Confronting the loss of the family system can be very difficult for children coping with divorce. Caring adults in these children’s lives may feel overwhelmed and helpless when faced with divorce and may feel unskilled in assisting children navigate this confusing time. These adults may want to help, but have no idea what to do.
Being Supportive A grieving child needs supportive adult help to go through and complete the mourning process. Adults must take the initiative in offering help. The most valuable thing they can offer is their presence. It is far more important than their knowledge or advice. The companionship of family and friends is the greatest source of support and solace. Adults can help a grieving child by sitting near, holding a hand, giving a hug, listening, and allowing them to share their feelings. In other words, what bereaved children need most is the acknowledgment of their pain and sorrow, and that this pain will not be erased but may lessen over time. Often adults imagine there is a “right” way to act, and struggle to find exactly the right words, when a simple “I’m sorry” is enough. Though some words may offer solace, there are few “right” words for the occasion of the grief of divorce. Being a caring presence and a good listener is more important than any words that might be said.
Different Needs When helping children who are grieving, it is important to note that children have different needs during the different phases of this grief. A good rule of thumb (no matter the age of the child), is to ask directly about the child’s needs. For example, if a child needs to talk, then by all means talk. If he or she wants quiet, the adult should be quiet too, and not rush to fill the silence. The adult should focus on the child’s needs not burdening the child with adult grief. Some kinds of sharing may be disturbing or frightening to children, who are just trying to come to grips with loss. Thus, adults should use judgment in sharing feelings or experiences. The bereaved child is vulnerable and needs understanding and rarely has much to give in return.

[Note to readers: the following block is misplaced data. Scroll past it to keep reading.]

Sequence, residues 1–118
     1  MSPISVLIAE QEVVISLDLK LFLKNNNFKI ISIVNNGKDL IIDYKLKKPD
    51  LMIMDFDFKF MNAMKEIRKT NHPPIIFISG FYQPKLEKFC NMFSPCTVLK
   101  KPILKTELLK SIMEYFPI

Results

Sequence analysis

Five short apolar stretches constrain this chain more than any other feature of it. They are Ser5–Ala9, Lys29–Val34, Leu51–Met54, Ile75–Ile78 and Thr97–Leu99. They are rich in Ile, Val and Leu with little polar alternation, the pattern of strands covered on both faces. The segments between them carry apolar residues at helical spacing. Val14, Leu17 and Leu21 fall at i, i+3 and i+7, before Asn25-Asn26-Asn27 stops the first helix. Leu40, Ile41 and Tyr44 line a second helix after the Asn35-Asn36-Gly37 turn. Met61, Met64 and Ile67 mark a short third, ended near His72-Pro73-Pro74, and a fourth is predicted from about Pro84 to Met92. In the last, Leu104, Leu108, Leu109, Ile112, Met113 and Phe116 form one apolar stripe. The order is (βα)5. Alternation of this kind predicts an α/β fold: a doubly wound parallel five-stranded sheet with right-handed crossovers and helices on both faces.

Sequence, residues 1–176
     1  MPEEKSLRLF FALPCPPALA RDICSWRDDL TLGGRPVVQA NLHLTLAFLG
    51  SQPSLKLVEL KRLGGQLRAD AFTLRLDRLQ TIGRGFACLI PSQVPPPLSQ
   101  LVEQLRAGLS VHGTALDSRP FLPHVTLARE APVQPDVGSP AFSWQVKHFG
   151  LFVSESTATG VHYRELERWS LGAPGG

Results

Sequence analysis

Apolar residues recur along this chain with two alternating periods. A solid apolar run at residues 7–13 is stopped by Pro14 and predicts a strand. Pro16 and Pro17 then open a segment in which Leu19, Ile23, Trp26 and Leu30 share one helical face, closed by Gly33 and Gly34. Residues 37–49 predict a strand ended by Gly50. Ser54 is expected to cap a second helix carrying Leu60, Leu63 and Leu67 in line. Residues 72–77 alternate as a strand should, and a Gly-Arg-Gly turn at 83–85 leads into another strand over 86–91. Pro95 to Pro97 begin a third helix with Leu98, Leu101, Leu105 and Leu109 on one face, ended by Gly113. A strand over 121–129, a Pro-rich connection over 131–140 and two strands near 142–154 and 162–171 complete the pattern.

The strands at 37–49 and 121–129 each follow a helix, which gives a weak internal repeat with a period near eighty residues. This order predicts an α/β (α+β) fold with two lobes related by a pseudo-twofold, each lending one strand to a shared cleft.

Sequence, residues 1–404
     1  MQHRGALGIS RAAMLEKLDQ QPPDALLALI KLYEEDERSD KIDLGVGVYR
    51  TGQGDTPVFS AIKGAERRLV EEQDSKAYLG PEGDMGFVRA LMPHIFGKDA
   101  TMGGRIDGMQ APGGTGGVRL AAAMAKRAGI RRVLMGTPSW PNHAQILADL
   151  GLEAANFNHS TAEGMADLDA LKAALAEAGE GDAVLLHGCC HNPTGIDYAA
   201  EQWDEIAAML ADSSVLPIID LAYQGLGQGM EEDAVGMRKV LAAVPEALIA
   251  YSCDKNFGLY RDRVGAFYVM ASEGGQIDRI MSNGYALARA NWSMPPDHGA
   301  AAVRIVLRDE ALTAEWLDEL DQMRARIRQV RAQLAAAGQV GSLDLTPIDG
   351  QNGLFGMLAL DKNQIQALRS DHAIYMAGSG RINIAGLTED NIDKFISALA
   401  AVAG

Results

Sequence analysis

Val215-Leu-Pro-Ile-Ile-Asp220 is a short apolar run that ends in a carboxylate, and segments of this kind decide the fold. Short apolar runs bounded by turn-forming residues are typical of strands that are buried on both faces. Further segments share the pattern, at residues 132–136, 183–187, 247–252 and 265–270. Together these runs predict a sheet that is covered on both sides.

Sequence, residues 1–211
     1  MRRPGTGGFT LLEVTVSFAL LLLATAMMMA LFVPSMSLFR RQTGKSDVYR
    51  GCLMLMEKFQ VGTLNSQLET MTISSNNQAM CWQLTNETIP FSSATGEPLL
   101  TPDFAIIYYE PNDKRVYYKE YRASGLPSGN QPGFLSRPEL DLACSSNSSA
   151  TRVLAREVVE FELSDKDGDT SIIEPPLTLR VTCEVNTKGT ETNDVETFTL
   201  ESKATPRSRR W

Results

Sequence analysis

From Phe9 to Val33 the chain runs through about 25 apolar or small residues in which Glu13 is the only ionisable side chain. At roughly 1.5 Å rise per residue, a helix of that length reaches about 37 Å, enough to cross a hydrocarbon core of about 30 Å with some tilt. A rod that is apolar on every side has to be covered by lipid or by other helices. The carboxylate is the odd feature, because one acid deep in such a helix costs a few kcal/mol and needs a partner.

Don’t Rush It is extremely painful to be a witness to intense mourning of a child. It is tempting, when uncomfortable, to shut them off, to encourage them to stop crying, to deny their pain, or to try to rush them through the painful mourning process. However, fully grieving is necessary and healthy. Denying children the opportunity to grieve fully is a great interference as well as a rejection. Adults must remember that children are not only grieving the divorce but realizing that the future they expected will never materialize. Family changes exacerbated by the divorce, such as removal of possessions, changes in schedule, and relocation of one parent, can cause ever greater pain and anxiety, for the child may view both parents and the “new” family unit as unreal and inaccessible.
Sensivity Children in the throes of grief are extremely sensitive to others around them. They usually know who can stand their pain and who cannot. Mourning children have a self-protective intuition about who will tolerate their pain with them. The acknowledgment of the loss is meaningful to grieving children. Simply letting children know that adults care can provide great solace. One word of caution, however — it is essential that this support not be withdrawn too quickly. Every child is on his or her own time table when coming to terms with the divorce. The bereaved child needs loving support. Therefore, when support is withdrawn suddenly or without warning, it is like another loss. If the child does not seem to be recovering, or seems to be taking an inordinately long time, it is appropriate to suggest that a professional counselor might be able to provide additional assistance and insight.
Contributor: Carol Mapp, a Licensed Clinical Social Worker with Integrated Healthworks, who works with adolescents as well as adults and has extensive experience in Collaborative cases and as a counselor, trainer, and educator.
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